The longtime owners of Longacres’ Nursery Center say they’re selling their business of 45 years to a Burlington-based garden supply company.
The Mechanic Street outfit launched in 1971 as a landscaping business under brothers Jim and Joe Longacre, and four years later expanded to direct retail with the help of the youngest brother, Norm.
After more than four decades in business, the brothers cited their ages — Norm, 67; Joe, 69; Jim, 71 — and health in the decision to turn over the keys to Gardener’s Supply Company, an employee-owned company with stores in Burlington and Williston, Vt.
“See the gray hair?” Norm Longacre joked during an interview with all three brothers at the store on Thursday.
The two parties have drafted a memorandum of understanding that envisions a January handover of the business, which is located on Route 4 near Interstate 89.
The brothers, who declined to disclose the sale price, will retain ownership of the 15.6 acre property, which is assessed at more than $1.8 million, and will enter into a long-term lease with Gardener’s.
After that, not much will change immediately, representatives of the Vermont company said.
“We don’t plan any big wholesale changes,” said Pat Pearsall, the retail general manager at Gardener’s. He added of the brothers, “They’ve been successful, so why do that?”
Pearsall said the goal was to keep Longacres’ staff — including, for a time, Joe and Norm, who will help with the transition.
“It was a nice fit for them to be still employed,” Joe Longacre said of his staff, “and for us not to be (working) six to seven days and 60 hours a week.”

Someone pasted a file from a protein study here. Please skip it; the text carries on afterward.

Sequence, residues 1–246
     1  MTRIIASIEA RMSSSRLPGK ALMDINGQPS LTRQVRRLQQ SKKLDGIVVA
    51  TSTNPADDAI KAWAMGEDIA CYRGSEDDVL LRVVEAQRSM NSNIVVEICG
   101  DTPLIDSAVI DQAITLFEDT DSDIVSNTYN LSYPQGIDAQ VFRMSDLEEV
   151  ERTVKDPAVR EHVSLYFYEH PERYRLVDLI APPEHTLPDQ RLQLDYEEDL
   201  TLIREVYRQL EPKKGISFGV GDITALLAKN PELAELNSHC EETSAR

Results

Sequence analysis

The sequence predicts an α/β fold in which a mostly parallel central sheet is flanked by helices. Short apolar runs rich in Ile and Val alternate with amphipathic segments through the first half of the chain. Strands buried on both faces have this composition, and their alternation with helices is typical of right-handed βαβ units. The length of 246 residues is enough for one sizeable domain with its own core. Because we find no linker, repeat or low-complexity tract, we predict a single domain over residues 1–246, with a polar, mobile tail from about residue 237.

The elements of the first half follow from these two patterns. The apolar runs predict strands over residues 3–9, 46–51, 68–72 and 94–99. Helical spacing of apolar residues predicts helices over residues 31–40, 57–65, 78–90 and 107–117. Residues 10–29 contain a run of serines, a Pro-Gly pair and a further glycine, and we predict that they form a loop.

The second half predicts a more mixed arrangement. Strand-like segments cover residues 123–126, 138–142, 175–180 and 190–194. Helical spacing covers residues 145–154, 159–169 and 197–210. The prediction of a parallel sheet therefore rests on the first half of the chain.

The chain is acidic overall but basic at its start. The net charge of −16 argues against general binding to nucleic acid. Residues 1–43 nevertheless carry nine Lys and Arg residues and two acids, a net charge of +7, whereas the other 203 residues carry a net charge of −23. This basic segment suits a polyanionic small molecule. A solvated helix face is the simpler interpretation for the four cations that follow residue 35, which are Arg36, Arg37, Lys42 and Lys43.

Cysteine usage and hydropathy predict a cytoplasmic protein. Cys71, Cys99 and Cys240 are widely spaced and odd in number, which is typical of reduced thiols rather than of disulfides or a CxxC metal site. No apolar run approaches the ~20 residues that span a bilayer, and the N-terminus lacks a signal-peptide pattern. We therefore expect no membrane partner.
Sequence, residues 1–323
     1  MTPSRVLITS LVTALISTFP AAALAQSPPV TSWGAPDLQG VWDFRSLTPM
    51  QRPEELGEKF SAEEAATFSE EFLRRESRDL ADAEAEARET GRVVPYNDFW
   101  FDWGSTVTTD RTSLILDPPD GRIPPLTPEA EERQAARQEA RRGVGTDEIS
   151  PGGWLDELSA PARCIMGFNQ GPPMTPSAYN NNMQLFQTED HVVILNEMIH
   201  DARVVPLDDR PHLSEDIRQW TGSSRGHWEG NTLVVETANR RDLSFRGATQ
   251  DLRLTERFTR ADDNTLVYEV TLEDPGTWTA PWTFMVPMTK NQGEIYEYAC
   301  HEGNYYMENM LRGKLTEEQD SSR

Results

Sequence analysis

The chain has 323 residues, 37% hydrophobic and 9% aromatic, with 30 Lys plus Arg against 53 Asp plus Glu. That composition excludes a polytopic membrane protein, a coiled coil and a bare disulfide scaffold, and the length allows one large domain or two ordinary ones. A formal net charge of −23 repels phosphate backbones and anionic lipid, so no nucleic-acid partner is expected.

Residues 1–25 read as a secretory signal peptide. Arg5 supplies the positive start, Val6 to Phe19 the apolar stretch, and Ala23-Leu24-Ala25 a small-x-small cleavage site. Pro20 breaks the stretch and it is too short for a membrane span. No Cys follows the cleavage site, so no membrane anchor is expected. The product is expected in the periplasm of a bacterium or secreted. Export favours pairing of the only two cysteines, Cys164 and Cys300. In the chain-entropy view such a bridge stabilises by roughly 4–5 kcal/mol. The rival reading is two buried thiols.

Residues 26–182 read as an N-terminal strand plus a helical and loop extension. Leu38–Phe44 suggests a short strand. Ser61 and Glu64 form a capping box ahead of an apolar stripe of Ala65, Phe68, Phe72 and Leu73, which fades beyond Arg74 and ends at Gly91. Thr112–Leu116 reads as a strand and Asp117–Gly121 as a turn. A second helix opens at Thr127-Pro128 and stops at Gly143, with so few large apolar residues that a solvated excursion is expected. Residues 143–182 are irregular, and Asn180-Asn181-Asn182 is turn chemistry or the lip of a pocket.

Those staff include two of the brothers’ children: Tim, Joe’s son; and Melissa, Norm’s daughter.
Pearsall said Gardener’s had taken similar steps during a 2008 takeover of 4 Seasons Garden Center in Williston. Most workers there stayed on, and many still remain with the company, he said.
“Hopefully all the Longacres’ people will come aboard and be with us for 10 or 15 years,” he said.
Pearsall, who once ran a Borders Books outlet in West Lebanon, said Gardener’s ownership structure had appealed to him after he left the bookstore mega-chain, which went bankrupt and closed in 2011.
“I felt here you can come to a business and make a difference every day,” Pearsall said. “…You can really, truly come to work and act like an owner.”
A certified “B,” or “benefit,” corporation, Gardener’s as part of its bottom line serves the public good in addition to profit and its employees. The company, which was founded in 1983, donates 8 percent of its profits to charity, according to a news release announcing the deal.
In addition to its retail stores, Gardener’s runs a major catalog and web business.
“The Longacre family has been serving this community for more than 40 years,” Jim Feinson, president of Gardener’s, said in the release, “and we will continue that tradition while bringing Gardener’s special brand of innovative products, community support, and signature, quality service.”
Pearsall and the Longacre brothers said talks began roughly a year ago.
Gardener’s had been touring garden centers throughout the region, looking for opportunities for expansion, and were enticed by Longacres’ location and local success. Finding a foothold in New Hampshire, with its favorable taxes and proximity to Vermont, was appealing, too, Pearsall said.
“For us, New Hampshire looks like a good market,” Pearsall said. “It looks like a good place to be.”